• By T.K. Thorne
    Cappuccino Books, 2015
    $22.50, Hardcover; $7.99 eBook

    Fiction

    Reviewed by Don Noble

    T.K. Thorne’s last novel, Noah’s Wife, published in 2011, is set in northern Turkey, near the Black Sea in 5500 BCE. The book is the story of Na’amah, a young woman with unusual powers. Thorne has done, once again, a prodigious amount of research in Jewish and Islamic texts. The novel convincingly recreates the dwellings, utensils, food, business practices, and religious beliefs of the age. Although based on a few Bible verses people are familiar with, this tale is fully imagined and takes great liberties with the Bible story. Lot, for example, is not the virtuous fellow Genesis makes him out to be, not at all. Read the complete review

  • By Monique Laney
    Yale University Press, 2015
    $35, Hardcover; eBook, $16.99

    Nonfiction

    Reviewed by Don Noble

    German Rocketeers was published by Yale University Press. Monique Laney, raised in Tuscaloosa and Germany, is now an assistant professor of history at Auburn and this book was her PhD dissertation at the University of Kansas, but do not be afraid. This book is accessible, clearly written with an easily forgivable amount of jargon, and should be of considerable interest to citizens of Alabama. Read the complete review

  • By Steve Flowers
    NewSouth Books, 2015
    $29.95, Hardcover; $9.99 eBook

    Nonfiction

    Reviewed by Don Noble

    There can be few Alabamians better situated to write this book than Steve Flowers. In this political memoir Flowers devotes chapters to the major figures of Alabama politics—elected officials such as Wallace, Folsom, Richard Shelby and powerful forces such as Paul Hubbard and Judge Frank Johnson Jr. —and sketches the story of his own life in politics. Read the complete review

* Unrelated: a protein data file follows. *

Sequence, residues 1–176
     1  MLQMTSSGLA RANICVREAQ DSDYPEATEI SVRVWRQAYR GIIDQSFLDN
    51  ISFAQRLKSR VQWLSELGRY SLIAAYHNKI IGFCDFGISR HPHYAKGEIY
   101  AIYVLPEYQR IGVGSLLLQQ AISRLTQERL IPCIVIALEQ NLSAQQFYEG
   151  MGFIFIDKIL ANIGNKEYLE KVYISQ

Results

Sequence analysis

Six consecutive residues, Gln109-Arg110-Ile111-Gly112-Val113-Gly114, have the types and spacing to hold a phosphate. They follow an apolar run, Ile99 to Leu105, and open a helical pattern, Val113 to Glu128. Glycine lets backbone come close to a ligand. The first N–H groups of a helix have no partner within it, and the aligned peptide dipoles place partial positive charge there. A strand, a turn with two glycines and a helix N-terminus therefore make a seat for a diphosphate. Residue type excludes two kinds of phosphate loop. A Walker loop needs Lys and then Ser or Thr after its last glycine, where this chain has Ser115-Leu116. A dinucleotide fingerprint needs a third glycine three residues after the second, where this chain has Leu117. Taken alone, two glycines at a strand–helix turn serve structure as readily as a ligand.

• By Wade H. Hall
    NewSouth Books, 2015
    $12.95, Paper; $9.99, eBook

    Nonfiction

    Reviewed by Don Noble

    “The Shortest Book in the World” is a venerable genre: Career Management by Charlie Sheen; Secrets to a Successful Marriage by Tiger Woods.

    At eighty-nine pages, Wade Hall’s study of Southern Civil War humor is definitely in this category. Considering that the war was a four-year bloodbath with, sometimes, tens of thousands dying on the same day, it may even be an oxymoron. It wasn’t a naturally funny subject. But there was, of course, humor, and veteran commentator Wade Hall, way back in a section of his doctoral dissertation in 1961, had found and classified that humor and explained its uses for Southern soldiers, civilians on the home front, even the African-American slaves left behind. Now, for the Sesquicentennial, NewSouth has made this available. Read the complete review

  • By James Miller Robinson
    Mule on a Ferris Wheel Press, 2014
    $14, Paper

    Poetry

    Reviewed by Harry Moore

    The speaker in James Miller Robinson’s chapbook The Caterpillars at Saint Bernard is on a quest. From the naïve hitchhiker in the first poem, who hears as he is stranded on the roadside “the distinguishable voice / of [his] own particular life / whispering its promises / murmuring its warnings,” to the seasoned pilgrim in the last poem bringing home an entire monastery on his back, the poet is looking for something. Read the complete review

  • By Floyd McGowin
    NewSouth Books, 2015
    Price: $27.95, Paper; $9.99 eBook

    Nonfiction

    Reviewed by Don Noble

    Floyd McGowin, of the Chapman, Alabama, McGowins, the owners of the W.T. Smith Lumber Company, was born in 1931 and died in 2010, but this memoir takes his story basically up to 1966. At that time, the W.T. Smith Company was sold and McGowin started the Rocky Creek Logging Company and ran it for forty-two years, covered here in an epilogue of only six pages. The Forest and the Trees is the story of his life, but it is also a social history of the times, including race and class relations, a corporate history, and an informed, extensive commentary on developments in private aviation. Read the complete review